Magic obviously comes at a price, though. Compositing multiple video and audio streams in real time is *much* more of a performance guzzler than any forwarding pattern. Even more, if you have to somehow exclude one’s own voice and picture from the merged grid they receive – for each of the users. 

Another drawback, though mitigable, is that a composited grid is the same for everyone who receives the video – no matter what is their screen resolution, or aspect ratio, or whatever. If there is a need to have different layouts for mobile and desktop devices – you’ll have to composite the video twice.

MCU scalability

In WebRTC video call, compared to SFU, MCU pattern has considerably less scaling potential: video compositing with sub-second delays does not allow on-the-fly load redistribution for a particular conference. Still, one can autospawn additional server instances for new calls in a virtualized environment, or, for even better efficiency, assign an additional SFU unit to redistribute composited video.

MCU applications examples

Zoom and a majority of its alternatives for massive video conferencing run off MCU-like backends. Otherwise, WebRTC video calls for 25+ participants would only be available for high-end devices.

TL;DR: what and when do I use?

Quick comparison: P2P, SFU, MCU or MCU + SFU

~1-4 users per call – P2P

Pros:

  • lowest idling costs
  • easiest scaling
  • shortest TTM (time to market)
  • potentially the most secure

Cons:

  • for 5+ user calls – quality might deteriorate on weaker devices
  • highest bandwidth usage (may be critical for mobile users)
  • no server side recording, video analytics or other advanced features

Applications:

  • private \ group calls
  • video assistance and sales

5-20 users per call – SFU

Pros:

  • easily scalable with simultaneous call number growth
  • retains UX flexibility while providing server side features
  • can have node redundancy by design: thus, most rush-proof

Cons:

  • pretty traffic- and performance intensive on the client side
  • might still require a compositing MCU-like service to record calls 

Use cases:

  • E-learning: workshops and virtual classrooms
  • Corporate communications: meeting and pressrooms

20+ users per call – MCU \ MCU + SFU

Pros:

  • least load on client side devices
  • capable of serving the biggest audiences
  • easily recordable (server side / client side)

Cons:

  • biggest idling and running costs
  • one call capacity is limited to performance of a particular server
  • least customizable layout

Use cases:

  • Large event streaming
  • Social networking
  • Online media 

Conclusion

P2P, MCU, and SFU are parts of WebRTC. You can read more about WebRTC on our blog:

How to minimize latency to less than 1 sec for mass streams?
WebRTC in Android.
WebRTC security in plain language for business people.

Got another question not covered here? Feel free to contact us using this form, and our professionals will be happy to help you with everything.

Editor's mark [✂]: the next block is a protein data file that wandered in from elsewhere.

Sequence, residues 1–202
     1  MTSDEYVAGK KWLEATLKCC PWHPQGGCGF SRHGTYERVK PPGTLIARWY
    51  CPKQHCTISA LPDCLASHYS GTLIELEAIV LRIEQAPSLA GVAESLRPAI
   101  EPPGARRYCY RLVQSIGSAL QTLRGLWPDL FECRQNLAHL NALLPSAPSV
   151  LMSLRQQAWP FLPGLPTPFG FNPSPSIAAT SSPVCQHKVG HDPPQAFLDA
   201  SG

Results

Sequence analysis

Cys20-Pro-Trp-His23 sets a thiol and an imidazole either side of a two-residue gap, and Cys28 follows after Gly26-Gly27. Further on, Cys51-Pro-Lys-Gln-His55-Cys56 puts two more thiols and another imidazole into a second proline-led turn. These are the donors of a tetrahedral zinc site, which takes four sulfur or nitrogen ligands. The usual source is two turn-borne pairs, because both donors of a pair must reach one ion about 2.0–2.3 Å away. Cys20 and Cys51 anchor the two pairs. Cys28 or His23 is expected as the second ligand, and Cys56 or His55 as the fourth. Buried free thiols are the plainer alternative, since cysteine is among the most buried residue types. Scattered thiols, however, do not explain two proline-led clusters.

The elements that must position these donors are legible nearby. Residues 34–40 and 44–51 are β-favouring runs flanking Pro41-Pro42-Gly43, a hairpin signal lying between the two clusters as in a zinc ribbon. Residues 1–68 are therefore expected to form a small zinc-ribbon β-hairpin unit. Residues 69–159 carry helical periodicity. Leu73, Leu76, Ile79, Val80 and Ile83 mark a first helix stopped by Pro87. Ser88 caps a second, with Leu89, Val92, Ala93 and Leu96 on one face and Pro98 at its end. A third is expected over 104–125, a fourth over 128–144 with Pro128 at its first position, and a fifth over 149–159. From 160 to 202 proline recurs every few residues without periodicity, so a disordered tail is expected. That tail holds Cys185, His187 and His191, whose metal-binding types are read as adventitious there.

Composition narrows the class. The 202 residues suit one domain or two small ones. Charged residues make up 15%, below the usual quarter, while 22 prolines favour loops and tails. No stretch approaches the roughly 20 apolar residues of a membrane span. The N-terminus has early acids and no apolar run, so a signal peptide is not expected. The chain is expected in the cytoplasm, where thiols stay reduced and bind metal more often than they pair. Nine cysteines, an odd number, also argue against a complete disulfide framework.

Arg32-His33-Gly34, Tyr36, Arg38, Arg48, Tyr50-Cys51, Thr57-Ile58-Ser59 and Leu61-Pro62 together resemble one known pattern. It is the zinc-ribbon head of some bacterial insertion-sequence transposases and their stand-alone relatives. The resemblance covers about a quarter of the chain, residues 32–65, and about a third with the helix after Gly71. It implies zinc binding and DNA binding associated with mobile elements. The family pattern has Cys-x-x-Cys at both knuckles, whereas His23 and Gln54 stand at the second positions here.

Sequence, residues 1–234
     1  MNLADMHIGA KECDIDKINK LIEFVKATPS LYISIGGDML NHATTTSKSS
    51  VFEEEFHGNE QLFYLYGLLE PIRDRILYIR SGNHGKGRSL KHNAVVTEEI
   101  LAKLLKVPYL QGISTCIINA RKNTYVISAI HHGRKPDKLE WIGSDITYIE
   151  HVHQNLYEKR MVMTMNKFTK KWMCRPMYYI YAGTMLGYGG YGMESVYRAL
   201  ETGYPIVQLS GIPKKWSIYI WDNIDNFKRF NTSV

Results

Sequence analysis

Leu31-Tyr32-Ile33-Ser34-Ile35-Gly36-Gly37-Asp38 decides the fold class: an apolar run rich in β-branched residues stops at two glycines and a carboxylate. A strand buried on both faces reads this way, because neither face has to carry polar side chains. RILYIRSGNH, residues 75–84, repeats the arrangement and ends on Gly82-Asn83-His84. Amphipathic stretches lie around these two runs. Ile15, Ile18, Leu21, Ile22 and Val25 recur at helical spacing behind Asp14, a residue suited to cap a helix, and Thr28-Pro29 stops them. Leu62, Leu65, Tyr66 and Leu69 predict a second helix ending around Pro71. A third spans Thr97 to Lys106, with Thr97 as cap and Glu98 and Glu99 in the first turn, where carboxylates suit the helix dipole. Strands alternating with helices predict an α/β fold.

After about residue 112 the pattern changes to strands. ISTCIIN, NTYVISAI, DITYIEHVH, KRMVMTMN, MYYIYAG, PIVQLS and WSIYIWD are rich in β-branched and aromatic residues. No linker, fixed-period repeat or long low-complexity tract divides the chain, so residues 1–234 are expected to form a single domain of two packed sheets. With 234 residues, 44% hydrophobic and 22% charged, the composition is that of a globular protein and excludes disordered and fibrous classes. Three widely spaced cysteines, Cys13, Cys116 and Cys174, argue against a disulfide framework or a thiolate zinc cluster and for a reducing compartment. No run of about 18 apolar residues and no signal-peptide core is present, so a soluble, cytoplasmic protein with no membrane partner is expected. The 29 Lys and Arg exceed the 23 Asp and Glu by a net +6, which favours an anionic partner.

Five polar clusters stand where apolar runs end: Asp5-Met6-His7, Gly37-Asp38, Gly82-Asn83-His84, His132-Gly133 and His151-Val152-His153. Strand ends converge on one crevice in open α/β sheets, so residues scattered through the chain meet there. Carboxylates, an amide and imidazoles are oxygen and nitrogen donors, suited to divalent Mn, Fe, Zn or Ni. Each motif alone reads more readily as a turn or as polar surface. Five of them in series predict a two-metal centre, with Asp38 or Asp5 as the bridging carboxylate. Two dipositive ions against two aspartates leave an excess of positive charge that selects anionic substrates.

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What is Traefik and how to use it? Tutorial with Code Examples

traefik tutorial

With this Traefik tutorial, we will try to show you how to proxy sites and API in a few examples, automate getting certificates and even add some middleware (to add headers for example).

Please note that we use the hash symbol (#) in the code examples where we want to explain something.

What is Traefik?

It’s a reverse proxy designed to work with Docker. It allows you to proxy services in containers in a very simple and declarative way. At first you might be intimidated by labels, but you will get used to it 🙂

Why Traefik and not nginx, for example? We think that Traefik is simpler to manage. It only uses docker=compose (instead of that plus nginx.conf with nginx), yet still fullfils its function.

Create a traffic config

To begin, we should create a traffic config:

# traefik.yml

# set log level
log:
  level: DEBUG

# enable the dashboard with useful information
api:
  dashboard: true
  insecure: true

# providers: in our case that's what we proxy.
# at first we only need the Docker,
# here's how to proxy external services 
providers:
  docker:
    # here's where you specify the network to add
    # service to get it "picked up" by the traffic
    network: traefik
    # turn off "auto-scraping" of containers by traffic
    # otherwise it will try to proxy all containers
    exposedByDefault: false

# entry points are basically just ports that will access
# to Traefik and therefore to the services it proxies
entrypoints:
  # this is the name of the entry point for regular http traffic, usually called
  # http or web, but you can put anything in here
  http:
    # the number of entry port
    address: :80
    http:
      # set up a redirect for all requests to the https entry point
      redirections:
        entryPoint:
          to: https
          scheme: https
          permanent: true
  # create a https entry point on port 443, usually called
  # https or websecure
  https:
    address: :443

# ssl certificate resolvers: this is used to get certificates for domains.